Nicolai Gedda, Georges Prêtre, Andréa Guiot, Robert Massard, Nadine Sautereau, Jane Berbié, Jean-Paul Vauqelin, Jacques Pruvost, Maurice Maievski, Claude Cales, Jacques Mars, Jean Laforge, Chœurs René Duclos, Chœurs d’enfants Jean Pesneaud, Orchestre du Théâtre National de l’Opéra de Paris
Towards the end of Callas’s career, there were many rumours that she was planning to perform Carmen on stage. This was never to be, but Carmen became her penultimate complete recording of an opera – and her only complete recording of a French opera. With Georges Prêtre, one of her favoured conduc
Towards the end of Callas’s career, there were many rumours that she was planning to perform Carmen on stage. This was never to be, but Carmen became her penultimate complete recording of an opera – and her only complete recording of a French opera. With Georges Prêtre, one of her favoured conductors, and the ever-stylish Nicolai Gedda as her Don José, she captured every facet of the role. As Gramophone said when the set was first released: ‘Hers is a Carmen to haunt you.’
‘Callas is Carmen’ proclaimed the publicity when this recording first appeared on LP in elaborate red and gold faux-leather luxury packaging with three separate booklets. It was a major coup for the record company to get Callas to record this most intriguing of all operatic roles, and its release was eagerly awaited. Opera houses around the world had been trying for years to persuade Callas to play Carmen, but the closest this ever came was when she sang the two first-act arias in a Golden Hour TV concert from the Royal Opera House, Covent Garden, in 1962.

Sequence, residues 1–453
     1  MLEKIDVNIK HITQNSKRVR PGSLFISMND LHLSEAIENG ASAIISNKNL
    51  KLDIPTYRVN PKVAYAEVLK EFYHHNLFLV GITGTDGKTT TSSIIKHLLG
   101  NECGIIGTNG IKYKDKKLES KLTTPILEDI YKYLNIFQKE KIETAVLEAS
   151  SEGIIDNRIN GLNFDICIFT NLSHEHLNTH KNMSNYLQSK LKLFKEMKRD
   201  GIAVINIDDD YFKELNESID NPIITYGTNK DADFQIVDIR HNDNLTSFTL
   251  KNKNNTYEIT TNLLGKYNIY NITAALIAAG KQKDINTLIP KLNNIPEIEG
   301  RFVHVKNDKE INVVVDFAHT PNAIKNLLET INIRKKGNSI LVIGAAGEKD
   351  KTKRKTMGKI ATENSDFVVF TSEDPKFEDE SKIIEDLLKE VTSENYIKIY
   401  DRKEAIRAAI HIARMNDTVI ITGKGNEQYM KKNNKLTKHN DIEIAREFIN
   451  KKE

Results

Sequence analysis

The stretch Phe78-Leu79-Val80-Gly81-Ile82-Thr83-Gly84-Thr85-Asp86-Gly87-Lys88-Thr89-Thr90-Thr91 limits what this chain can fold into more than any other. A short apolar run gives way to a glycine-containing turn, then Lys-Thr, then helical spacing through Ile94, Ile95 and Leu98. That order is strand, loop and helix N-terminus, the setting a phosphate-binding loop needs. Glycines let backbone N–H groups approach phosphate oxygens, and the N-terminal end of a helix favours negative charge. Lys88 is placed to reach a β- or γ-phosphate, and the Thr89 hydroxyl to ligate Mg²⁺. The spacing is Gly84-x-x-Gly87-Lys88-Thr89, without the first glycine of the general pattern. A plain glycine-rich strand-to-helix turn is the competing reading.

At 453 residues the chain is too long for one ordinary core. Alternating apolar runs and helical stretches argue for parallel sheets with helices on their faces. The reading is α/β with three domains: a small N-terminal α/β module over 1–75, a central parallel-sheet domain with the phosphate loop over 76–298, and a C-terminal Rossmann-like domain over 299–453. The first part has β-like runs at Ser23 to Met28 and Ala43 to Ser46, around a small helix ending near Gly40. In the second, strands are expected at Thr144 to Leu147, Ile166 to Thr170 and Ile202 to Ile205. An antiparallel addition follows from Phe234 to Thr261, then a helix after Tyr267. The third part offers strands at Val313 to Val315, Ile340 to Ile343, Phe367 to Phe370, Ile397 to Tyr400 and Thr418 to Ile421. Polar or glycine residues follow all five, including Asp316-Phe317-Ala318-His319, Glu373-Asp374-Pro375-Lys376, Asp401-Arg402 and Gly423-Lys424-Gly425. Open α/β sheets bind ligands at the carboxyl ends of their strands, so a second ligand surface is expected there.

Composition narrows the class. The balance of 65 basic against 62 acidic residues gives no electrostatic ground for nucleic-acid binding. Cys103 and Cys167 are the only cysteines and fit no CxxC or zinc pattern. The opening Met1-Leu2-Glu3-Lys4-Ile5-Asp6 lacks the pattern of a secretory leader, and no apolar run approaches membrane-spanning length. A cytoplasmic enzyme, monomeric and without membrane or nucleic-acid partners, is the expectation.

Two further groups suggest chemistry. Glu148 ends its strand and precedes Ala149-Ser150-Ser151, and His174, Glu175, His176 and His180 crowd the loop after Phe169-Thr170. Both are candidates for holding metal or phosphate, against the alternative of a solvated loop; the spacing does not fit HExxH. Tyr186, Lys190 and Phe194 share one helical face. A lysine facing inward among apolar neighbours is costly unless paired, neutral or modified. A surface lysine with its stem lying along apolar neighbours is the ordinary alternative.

Callas had thought long and hard as to how she might portray the fiery gypsy on stage, but in a filmed interview with Lord Harewood she said that Carmen behaved like a man in that she took her lovers as it pleased her, whereas she (Callas) was a more romantic, feminine person who would not behave in this aggressive way in affairs of the heart.
At the beginning of 1964, after a gap of several years, Callas had returned triumphantly to the operatic stage in the acclaimed Zeffirelli production of Tosca at Covent Garden and then appeared in a sumptuous new staging of Norma at the Paris Opéra. The Carmen sessions began two weeks after the final Norma and found Callas in magnificent voice. Despite certain expectations that Callas’s Carmen would somehow be the most violent, most extreme interpretation of the part, the actual result is a superb performance of infinite subtlety and detail that brings the character vividly to life. All the requisite elements of seductiveness, charm and defiance are there. It is a performance full of inner fire, but everything is kept totally under control until the final blazing outburst at the end. Was Callas Carmen? We will never know how she would have interpreted the role on stage, but as far as singing is concerned the answer is: ‘Yes’, and this recording is the proof.